As I mentioned in the first poll results essay, there is a lot of detail in these answers that merits deeper study.


I repeat here the appeal I made in the first “poll results” essay, since I feel it is so important.

Given that the rise of the artilect will probably prove to be this century’s dominant global political issue, it makes sense to suggest that the sociologists and psychologists need to get interested in this huge issue and apply their respective skills to its elucidation.

I’m hoping that these two “species dominance” opinion poll essays will inspire ambitious young graduate students or young tenure track professors in these two fields to undertake more comprehensive and more scientific studies on the species dominance issue. Once enough studies of this type are undertaken, we will be able to talk about the establishment of a new branch of sociology or psychology, namely “artilect sociology” or “artilect psychology”. Once it is established, professors can write textbooks and teach courses at undergraduate and graduate levels on the topic.

Once the “wisdom of the crowds” is used in the “species dominance debate” (i.e. “Should humanity build artilects this century?”) then a more realistic, more balanced scenario of what is likely to happen can be created, instead of the naively and irresponsibly optimistic scenarios of the “pollyannists.”

15 Responses

  1. I find it rather comical that their is a belief that a war on robots will occur, because the reality is the war is already happening. A captcha is literally a way of stopping robots from attacking or stealing data.

    On a more abstract level, every programmer’s job is to increase efficiency and kill off jobs; whether they are conscious of what they are doing or not. People are already fighting for jobs against code. I think it is very naive to think that “a war on robots” is a physical war where there are physical machines walking around, this is a very primitive view of what the war on robots will be, and we can know this because of what is happening right now.

  2. Robi says:

    “Artilect” as a word is an awful choice; It feels much like artillery. Even if it were not the case, it would be an uninspired word. Also, AI is shorter. Let’s not form words where it’s not needed.

  3. Joseph Coulter says:


    I believe that rather than “Every single opposing group could[should] do their own thing”, every individual should do their own thing. Zoning and segregating may not be something that an individual is willing to do, and would be a terrible thing to enforce. Perhaps you meant that we could allow them to segregate, under a mutual agreement, and I can understand that, but I don’t think there will be that sort of consensus.

    And as for no groups being sacrificed or dominate, I think that many of us(including myself) will agree with you, but that it will not be that simple. Though we can have laws making us equal, providing neither group a de jure superiority or dominance, I would like to emphasize that cognitive superiority is a de facto superiority that provides a predisposition for dominance, which is also the state of the modern world.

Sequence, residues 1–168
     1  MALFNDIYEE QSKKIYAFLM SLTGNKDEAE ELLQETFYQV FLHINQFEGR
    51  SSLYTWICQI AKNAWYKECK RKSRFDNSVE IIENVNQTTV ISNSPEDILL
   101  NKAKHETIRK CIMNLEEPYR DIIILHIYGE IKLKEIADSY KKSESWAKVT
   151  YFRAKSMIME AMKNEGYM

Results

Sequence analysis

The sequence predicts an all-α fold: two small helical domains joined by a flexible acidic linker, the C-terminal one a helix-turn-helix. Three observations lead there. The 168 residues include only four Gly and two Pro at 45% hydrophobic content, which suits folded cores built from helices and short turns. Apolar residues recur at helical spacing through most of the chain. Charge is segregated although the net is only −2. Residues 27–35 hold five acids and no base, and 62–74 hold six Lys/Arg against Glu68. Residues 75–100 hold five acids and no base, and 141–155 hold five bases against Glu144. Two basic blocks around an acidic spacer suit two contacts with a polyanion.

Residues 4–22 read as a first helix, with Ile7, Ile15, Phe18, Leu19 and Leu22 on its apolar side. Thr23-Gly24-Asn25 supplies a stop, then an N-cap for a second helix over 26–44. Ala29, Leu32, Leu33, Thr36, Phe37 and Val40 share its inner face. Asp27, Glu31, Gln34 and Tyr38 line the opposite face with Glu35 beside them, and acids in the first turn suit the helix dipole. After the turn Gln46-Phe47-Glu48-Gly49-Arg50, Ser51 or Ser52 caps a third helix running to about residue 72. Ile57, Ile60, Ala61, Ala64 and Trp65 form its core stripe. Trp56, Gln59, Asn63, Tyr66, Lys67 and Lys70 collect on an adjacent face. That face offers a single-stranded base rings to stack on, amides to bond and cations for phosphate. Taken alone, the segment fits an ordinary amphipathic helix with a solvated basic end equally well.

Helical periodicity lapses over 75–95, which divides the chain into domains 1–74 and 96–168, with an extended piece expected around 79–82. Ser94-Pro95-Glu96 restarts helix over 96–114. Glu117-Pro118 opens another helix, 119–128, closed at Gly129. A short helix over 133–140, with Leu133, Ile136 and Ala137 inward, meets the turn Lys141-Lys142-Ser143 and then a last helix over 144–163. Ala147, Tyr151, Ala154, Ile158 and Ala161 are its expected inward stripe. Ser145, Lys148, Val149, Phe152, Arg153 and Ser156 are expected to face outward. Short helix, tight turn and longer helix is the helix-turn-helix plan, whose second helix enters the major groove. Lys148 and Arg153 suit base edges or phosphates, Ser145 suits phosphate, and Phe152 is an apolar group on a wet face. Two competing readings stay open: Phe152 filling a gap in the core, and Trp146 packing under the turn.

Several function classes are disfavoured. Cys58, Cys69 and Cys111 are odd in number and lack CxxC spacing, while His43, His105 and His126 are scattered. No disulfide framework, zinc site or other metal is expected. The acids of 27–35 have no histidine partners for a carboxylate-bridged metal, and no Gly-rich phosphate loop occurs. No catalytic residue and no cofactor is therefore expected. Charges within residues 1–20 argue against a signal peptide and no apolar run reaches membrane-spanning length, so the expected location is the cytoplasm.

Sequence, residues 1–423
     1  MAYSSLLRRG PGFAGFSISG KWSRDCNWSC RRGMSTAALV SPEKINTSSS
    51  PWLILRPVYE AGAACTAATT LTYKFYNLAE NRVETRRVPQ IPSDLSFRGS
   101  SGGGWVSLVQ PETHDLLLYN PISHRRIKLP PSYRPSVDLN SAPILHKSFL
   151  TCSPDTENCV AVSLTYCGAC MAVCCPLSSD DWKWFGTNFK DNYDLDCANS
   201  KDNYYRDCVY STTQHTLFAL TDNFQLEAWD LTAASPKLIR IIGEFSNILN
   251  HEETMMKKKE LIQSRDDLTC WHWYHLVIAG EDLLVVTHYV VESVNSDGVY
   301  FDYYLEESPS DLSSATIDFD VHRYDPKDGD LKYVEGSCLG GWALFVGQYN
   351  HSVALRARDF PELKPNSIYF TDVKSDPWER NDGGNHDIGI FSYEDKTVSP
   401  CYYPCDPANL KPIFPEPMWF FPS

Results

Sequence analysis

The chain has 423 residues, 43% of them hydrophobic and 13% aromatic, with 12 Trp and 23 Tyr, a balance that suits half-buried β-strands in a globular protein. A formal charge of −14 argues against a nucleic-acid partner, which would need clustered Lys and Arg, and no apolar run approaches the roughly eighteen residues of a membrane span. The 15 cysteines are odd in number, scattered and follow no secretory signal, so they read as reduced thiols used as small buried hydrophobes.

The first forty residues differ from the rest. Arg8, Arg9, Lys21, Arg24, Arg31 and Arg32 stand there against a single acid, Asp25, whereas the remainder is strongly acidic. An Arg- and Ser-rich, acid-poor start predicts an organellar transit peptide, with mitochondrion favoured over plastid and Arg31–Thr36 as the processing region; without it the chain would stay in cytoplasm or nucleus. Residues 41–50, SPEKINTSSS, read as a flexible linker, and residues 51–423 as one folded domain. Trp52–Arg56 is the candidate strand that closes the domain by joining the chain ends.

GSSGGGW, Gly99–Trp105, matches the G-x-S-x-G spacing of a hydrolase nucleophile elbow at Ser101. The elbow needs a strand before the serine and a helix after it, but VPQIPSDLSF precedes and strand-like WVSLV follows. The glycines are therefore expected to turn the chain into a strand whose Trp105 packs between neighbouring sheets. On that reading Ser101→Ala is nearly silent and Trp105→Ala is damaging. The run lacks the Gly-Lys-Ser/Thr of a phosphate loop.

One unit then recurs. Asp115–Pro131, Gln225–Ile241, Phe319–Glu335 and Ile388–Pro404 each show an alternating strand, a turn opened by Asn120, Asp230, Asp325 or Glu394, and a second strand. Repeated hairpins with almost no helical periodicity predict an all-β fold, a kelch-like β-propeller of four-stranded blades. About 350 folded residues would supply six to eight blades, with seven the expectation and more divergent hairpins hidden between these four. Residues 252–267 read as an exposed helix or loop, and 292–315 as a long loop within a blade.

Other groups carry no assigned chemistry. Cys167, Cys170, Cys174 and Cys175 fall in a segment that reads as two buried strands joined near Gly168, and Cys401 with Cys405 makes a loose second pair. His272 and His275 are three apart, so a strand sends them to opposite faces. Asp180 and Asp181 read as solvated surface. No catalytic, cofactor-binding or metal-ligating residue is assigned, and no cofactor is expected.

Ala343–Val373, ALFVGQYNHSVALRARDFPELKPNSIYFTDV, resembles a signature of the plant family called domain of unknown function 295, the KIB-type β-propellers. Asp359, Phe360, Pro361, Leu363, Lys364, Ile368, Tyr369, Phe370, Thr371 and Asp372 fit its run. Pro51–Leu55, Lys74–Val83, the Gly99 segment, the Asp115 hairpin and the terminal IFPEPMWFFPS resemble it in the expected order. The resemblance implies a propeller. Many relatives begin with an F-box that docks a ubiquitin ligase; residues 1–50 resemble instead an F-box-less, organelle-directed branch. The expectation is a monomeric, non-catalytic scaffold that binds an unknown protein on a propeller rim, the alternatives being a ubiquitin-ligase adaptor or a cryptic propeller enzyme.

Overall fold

All though, I don’t think it’s clear weather or not human augmented intelligence or solely artificial strong intelligence will come first. From an uneducated point of view it seem that:
    1. The advancement of AI is not clearly parallel to the advancement of computing.
    2. The advancement of brain to computer interface is dependent on our knowledge of cybernetics and neurology.
    3. There’s actually a good chance that our knowledge of AI may be dependent on our knowledge of cognitive neuroscience.

    This may be a bit presumptuous of me, but without more information on this available it leads me to think that the advent of augmented humans could almost coincide with the advent of strong AI. Meaning that there will be a cultural bridge between terrans and artilects that allow us to coexist more easily.

  4. Tony Harris says:

    Perhaps in the end the humans, cyborgs and artilects will end up “willingly segregating.” For example, for a cyborg or artilect, adapting to conditons on the Moon, Mars, other planets or free space is vastly simpler than engineering structures to allow unmodified humans to survive there. Just as tetrapods colonized the land whilst fish ruled the seas, the surface of the Earth may end up being a more-or-less “humans-only” zone whilst technological beings colonize space.

  5. Zone and segregate. With space commensurate to numbers. No groups should be sacrificed or dominate, and population controls on all groups should be applied where reasonable so that ‘war for space’ will not be necessary. Every single opposing group could do their own thing.

  6. Beo says:

    I don’t quite understand what study can be done in absence of subjects of the study. Sure one can write some papers arguing that cyborgs won’t be different from machines.. But i even can’t call it an educated guess, same like you aren’t convinced by Kurzweil’s writings. And maybe there is technical answer for the threats of AGI. I have hope that we can achieve everything we want without fully independent generally intelligent machines.

  7. Matthew says:

    Indeed Joseph. No need to resort to violence. The future articlect(s) may not even be conscious.